Mohammad is embarrassed of his name.  He converted to Christianity in Iran, and fled to Norway fearing religious persecution.  Christian converts in Iran are disowned by their families, imprisoned, and often killed.  Even though he’s been here for 13 years, and the Iranian human rights violations against Christians is universally acknowledged, he has never received asylum status. Every 6 months he needs to re-apply for another 6 month pass.  He says that in order to get a job, he needed to speak Norwegian and have either a license or a degree, but that once he had such training, his asylum was denied, because he could theoretically work somewhere else.

Javed became a Christian on the journey.  He had heard of Jesus, but never had a chance to read the Bible, or hear about Christianity, or experience God’s love until he left that country.  He met Christians who were working with refugees, and had a chance to ask questions and read the Bible.  God worked through those experiences to change his heart and his life.

Despite these setbacks, they are thrilled to live in a country where they can worship openly and talk about their faith.  The freedom to worship is so important to them.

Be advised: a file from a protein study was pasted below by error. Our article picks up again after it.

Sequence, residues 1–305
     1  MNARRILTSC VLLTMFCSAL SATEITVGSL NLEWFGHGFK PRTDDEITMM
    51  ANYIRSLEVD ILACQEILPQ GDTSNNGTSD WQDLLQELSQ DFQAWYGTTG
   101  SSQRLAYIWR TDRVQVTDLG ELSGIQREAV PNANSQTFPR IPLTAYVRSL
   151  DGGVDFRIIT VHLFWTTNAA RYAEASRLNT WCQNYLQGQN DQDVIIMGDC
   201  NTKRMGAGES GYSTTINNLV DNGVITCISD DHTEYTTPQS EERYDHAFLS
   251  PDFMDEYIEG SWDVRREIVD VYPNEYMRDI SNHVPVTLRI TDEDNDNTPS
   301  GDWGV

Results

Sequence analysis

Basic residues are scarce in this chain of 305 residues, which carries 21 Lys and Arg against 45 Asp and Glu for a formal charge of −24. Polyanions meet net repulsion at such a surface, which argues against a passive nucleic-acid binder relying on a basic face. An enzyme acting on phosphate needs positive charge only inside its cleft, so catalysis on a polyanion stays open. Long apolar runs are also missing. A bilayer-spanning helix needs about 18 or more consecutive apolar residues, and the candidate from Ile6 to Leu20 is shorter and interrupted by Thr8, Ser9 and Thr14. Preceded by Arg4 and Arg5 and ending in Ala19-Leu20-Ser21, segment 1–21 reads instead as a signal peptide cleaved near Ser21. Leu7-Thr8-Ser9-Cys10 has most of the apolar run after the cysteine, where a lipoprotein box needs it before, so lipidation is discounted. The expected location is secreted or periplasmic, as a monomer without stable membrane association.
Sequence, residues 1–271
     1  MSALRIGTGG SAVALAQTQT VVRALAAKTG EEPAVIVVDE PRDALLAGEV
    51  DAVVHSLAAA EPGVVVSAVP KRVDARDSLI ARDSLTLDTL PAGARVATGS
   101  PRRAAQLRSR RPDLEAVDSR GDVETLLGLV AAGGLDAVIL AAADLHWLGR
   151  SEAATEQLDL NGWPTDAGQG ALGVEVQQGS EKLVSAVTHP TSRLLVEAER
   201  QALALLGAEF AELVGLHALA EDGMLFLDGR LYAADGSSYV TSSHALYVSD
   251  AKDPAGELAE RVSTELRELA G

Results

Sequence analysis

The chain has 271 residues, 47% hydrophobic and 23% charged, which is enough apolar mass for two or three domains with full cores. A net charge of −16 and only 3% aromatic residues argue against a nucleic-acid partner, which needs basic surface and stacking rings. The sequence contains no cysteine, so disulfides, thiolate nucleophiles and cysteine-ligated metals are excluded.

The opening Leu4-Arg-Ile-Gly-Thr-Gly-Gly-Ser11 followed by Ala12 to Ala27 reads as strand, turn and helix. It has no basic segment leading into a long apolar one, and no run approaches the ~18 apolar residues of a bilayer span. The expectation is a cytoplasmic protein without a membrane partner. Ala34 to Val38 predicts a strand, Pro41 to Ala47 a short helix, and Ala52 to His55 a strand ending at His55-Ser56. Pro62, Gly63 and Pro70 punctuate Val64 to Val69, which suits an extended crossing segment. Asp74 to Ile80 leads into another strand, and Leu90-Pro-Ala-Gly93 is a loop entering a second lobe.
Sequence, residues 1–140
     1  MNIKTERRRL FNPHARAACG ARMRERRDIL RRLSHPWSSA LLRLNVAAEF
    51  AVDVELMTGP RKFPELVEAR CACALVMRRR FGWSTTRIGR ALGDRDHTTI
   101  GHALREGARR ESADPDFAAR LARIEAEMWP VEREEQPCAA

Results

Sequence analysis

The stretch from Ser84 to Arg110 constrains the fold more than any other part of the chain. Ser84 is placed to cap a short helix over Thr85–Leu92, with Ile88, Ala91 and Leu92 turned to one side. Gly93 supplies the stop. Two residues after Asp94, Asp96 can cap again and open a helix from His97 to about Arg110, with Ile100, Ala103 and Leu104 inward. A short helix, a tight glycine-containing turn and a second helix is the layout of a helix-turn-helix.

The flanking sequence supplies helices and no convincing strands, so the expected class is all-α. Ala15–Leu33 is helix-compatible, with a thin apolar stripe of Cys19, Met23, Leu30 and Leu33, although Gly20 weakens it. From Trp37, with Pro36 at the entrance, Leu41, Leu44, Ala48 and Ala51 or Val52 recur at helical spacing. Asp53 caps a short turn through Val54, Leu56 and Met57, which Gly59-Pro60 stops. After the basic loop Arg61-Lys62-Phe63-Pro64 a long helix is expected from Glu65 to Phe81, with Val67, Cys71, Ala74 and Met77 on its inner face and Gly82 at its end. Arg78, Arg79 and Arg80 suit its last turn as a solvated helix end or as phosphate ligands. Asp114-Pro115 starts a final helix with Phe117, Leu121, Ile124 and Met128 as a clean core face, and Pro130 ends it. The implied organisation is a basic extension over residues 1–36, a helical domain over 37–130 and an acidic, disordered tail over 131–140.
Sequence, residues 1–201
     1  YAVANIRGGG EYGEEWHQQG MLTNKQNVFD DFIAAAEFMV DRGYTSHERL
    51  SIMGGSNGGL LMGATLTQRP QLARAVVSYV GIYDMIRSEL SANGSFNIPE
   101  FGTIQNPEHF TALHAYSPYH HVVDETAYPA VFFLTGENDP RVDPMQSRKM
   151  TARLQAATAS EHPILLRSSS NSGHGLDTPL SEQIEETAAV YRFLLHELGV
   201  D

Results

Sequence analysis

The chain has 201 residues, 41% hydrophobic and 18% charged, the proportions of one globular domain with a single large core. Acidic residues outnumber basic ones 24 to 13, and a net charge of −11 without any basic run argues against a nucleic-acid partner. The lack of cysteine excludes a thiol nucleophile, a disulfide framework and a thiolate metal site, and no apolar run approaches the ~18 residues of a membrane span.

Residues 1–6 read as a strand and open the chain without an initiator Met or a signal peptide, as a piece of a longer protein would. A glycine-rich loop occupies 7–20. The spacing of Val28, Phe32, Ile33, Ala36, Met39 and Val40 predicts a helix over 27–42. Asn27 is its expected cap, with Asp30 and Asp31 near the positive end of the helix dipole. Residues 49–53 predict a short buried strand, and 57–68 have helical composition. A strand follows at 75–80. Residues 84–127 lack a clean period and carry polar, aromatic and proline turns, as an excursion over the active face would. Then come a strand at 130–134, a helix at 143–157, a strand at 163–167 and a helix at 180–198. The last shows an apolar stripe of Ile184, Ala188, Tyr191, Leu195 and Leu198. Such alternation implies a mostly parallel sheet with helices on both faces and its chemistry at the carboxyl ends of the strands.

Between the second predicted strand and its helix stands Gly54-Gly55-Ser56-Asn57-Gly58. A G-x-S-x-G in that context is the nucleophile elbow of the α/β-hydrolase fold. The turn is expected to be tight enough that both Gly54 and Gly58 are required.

Even if they have no personal security – no promise that of a permanent home, or a long-term residence permit.
What a choice – freedom to worship or security to live safely.

No One can stop the Spirit of God

Their stories reinforced what we had just been learning in Denmark:  the Holy Spirit is at work in the Farsi-speaking people of Iran and Afghanistan.  But the more converts, the angrier the government becomes.  (More info on Iran and Afghanistan persecution of Christians.)


Mohammad and Javed wanted to tell us about the Ayatollas of their country.  In their words, these men are not Muslims; they are power-hungry dictators.  In many cases, they cannot read the Koran, because they do not speak Arabic.  They try very much to impose their own version of Taliban-enforced Shari’a law on the people of their mosques.  There is no room for questions, no room for faith.  Just blind obedience.